A month ago, I had the opportunity to join in a two day workshop in Kollaboratoriet, Uppsala on Learning For Change. A small group of passionate individuals joined me in an emotional and challenging exploration to understand how we work as individuals and in the collective, towards our goals of sustainability. You can read more about Legacy 17 here.
I went with the conservative expectation of a workshop on how to integrate the Sustainable Development Goals in to one’s work. It was a pleasant surprise to be met with emotional and personalised approaches to understanding how we engage with sustainability, particularly in terms of structuring meetings, of deep listening, of celebrating achievements and humility, of mentoring speakers, and of reflecting as groups. In short, an emotionally reflective workshop on processes for working with sustainability. The culmination of which was a group largely made up of strangers, volunteering highly personal information and feeling confident enough in each other to share vulnerabilities.
The conclusions of this workshop are still ongoing, with the participants divided in to small groups to catch up over fika or through skype/ zoom periodically; we continue to work on using the Learning For Change process to strengthen our capacities in work with sustainability.
Over the course of the past few months, a small group of climate-interested Uppsala residents have been gathering to discuss climate fiction. The group was initiated by the Zennström Climate Change Leadership professor in order to explore how we might rethink, re-relate to, and reimagine our experiences of climate change in more creative forums. In our most recent meet up, we were tasked with bringing poems, short texts, and songs that reminded us of winter. Below are two poems written by Carolina from sparklets selected from 9 of these pieces. We realised, as Carolina read them out to us, that the meanings and tempos drastically change from the different orders through which they can be read.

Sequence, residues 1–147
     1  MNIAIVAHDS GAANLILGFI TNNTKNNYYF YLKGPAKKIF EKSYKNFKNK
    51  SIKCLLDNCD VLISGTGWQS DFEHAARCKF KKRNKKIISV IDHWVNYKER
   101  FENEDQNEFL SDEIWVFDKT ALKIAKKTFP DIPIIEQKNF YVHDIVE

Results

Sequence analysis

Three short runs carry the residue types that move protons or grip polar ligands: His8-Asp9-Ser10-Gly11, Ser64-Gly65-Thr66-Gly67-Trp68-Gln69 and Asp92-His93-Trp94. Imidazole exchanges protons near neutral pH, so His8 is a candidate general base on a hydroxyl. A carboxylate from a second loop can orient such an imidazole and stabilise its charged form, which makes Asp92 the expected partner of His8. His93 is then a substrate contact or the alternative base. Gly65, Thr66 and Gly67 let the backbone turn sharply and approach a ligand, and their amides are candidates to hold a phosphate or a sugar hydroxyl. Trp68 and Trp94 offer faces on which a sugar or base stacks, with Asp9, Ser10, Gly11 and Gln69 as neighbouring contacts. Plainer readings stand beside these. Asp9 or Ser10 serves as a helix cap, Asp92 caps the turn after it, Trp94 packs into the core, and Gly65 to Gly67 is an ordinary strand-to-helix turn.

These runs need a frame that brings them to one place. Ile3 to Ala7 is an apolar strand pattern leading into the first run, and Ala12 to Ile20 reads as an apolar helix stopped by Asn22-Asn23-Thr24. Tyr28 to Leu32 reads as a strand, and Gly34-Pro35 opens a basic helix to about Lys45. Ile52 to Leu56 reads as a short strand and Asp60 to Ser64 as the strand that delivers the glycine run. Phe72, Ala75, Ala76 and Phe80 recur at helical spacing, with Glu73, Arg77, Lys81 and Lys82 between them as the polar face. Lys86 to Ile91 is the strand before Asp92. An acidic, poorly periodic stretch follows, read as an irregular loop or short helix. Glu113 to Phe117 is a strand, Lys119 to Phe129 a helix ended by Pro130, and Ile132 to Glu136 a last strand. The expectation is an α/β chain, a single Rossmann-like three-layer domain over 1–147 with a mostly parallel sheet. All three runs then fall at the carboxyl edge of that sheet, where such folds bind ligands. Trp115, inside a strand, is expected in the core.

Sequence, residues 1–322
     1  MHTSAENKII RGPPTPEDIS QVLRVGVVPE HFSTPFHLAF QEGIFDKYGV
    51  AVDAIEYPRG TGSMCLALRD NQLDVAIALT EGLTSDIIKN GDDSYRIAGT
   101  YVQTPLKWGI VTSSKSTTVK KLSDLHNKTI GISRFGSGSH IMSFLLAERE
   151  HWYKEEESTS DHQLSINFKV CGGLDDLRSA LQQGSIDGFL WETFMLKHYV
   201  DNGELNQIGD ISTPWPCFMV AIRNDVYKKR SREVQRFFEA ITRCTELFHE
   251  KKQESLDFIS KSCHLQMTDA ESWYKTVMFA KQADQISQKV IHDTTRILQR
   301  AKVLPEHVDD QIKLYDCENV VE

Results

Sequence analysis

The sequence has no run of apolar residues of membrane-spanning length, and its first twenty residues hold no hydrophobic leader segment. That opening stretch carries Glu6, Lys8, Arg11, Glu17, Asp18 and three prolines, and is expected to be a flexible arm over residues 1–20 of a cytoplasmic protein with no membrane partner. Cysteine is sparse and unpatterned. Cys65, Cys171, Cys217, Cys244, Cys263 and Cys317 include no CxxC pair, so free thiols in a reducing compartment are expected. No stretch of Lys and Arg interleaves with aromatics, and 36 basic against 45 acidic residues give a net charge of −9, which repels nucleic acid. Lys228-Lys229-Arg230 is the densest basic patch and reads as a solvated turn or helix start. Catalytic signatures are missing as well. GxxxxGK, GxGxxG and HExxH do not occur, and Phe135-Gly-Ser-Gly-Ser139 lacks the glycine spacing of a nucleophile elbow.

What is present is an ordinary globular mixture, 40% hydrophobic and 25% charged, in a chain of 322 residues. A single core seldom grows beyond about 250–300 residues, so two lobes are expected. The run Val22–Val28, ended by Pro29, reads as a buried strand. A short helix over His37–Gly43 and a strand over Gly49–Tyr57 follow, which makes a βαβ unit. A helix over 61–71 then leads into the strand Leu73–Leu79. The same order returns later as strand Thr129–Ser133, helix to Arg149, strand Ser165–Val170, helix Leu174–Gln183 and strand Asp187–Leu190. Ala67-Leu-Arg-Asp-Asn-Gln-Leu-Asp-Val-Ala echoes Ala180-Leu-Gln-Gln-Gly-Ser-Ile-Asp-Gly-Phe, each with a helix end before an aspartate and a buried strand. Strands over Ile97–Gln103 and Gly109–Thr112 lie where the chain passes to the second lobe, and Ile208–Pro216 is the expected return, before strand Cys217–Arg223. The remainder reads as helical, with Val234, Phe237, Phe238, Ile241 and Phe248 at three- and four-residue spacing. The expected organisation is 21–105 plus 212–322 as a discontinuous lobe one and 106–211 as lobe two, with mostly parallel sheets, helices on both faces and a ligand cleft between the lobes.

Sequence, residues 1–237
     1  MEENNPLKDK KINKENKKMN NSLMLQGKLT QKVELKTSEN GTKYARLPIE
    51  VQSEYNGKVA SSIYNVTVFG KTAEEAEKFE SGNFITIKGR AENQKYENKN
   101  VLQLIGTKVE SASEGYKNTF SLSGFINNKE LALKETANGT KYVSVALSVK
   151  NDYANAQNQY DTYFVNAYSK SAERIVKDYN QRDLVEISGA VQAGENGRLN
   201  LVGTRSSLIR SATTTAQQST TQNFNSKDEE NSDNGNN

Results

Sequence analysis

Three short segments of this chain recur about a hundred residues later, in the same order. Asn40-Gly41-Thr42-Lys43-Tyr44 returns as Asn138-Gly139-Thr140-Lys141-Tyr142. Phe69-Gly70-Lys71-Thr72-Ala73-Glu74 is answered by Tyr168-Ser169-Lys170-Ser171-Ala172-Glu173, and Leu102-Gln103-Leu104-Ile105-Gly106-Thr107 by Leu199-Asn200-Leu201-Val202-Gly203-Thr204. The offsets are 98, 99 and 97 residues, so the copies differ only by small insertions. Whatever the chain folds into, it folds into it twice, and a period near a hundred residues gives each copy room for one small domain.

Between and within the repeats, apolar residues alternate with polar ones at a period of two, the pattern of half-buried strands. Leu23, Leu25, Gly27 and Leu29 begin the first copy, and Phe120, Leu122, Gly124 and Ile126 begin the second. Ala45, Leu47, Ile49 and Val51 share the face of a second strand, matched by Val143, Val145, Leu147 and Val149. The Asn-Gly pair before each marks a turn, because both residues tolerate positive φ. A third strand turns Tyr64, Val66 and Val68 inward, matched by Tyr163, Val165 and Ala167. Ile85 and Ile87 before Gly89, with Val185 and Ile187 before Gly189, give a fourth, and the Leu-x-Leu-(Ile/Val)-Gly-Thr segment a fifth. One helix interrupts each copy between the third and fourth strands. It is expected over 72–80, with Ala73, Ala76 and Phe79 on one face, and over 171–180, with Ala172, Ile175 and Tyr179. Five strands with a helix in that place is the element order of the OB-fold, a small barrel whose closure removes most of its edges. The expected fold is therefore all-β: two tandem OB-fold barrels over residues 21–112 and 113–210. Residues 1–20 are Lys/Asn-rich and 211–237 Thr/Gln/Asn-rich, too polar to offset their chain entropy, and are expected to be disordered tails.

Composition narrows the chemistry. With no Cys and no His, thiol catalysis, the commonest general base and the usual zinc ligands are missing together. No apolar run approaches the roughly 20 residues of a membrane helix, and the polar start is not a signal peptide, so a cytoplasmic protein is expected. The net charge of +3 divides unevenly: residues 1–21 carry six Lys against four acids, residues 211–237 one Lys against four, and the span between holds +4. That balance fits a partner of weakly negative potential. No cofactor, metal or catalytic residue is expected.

It is December and nobody asked if I was ready I just want somebody to hold me through the night Aflame among the rest When your cheeks are wet from weeping on your own Stuck in a frozen state of shame My soul instantly ignores what was there before Perhaps the future is a tiny flame Ring, happy bells, across the snow There were no reindeer, but there were cats
There were no reindeer, but there were cats Ring, happy bells, across the snow Perhaps the future is a tiny flame My soul instantly ignores what was there before Stuck in a frozen state of shame When your cheeks are wet from weeping on your own Aflame among the rest I just want somebody to hold me through the night It is December and nobody asked if I was ready
These sparklets were taken from the following texts: A child’s Christmas in Wales, Dylan Thomas; Ring Out, Wild Bells, Alfred, Lord Tennyson; Winter Without You, Sarah Kay; The Cold Swedish Winter, Jens Lekman; Green and Red, Oisin Challoner; En Liten Konstnär, Nils Ferlin (translated by Urban); Gässen Flytta, Dan Andersson (translated by Urban); Untitled, Jakob Willerström
In the middle of October, I joined in the AIM Day at Uppsala University, organised by the university Innovation Team. This day is an opening up of the university to businesses and institutions who want to pick at difficult questions with researchers. This year’s theme was Hållbara Städer (Sustainable Cities). This year it was in Swedish, and with my limited language abilities (disclaimer: I therefore might have missed some important points to many of the discussions), I joined in on some of their workshops.
Overall this day was an enlightening experience, where the necessity for transdisciplinary approaches to tricky questions, and collaborations across universities, civil society and public institutions, was abundantly clear. However, as a representative of the Climate Change Leadership Initiative (CCL), it was disappointing to see that the discussions did not want to grapple with the elephant in the room: the added complexity of climate change (and biodiversity loss) to social sustainability and development questions.
The first question I attended was one that struck at the core of a project CCL is working on at the moment: “Hur bygger vi tillit och vågar vi ta tillvara kraften i initiativ som vilar på religiös eller kulturell grund och möjliggör för olika sorters drivkrafter för ett områdes utveckling?” (How do we build trust and courage to harness power of initiatives driven by cultural or religious grounds? And that enable different kinds of driving forces for an area’s development?) posed by representatives of the Kommun. Joining me in this meeting were researchers from Centrum för forskning om religion och samhälle (CRS) , as well as employees of Upplandsidrottsförbund. It was positive to hear that this was being considered, in particular concerning a suburb of Uppsala that we are interested in working with.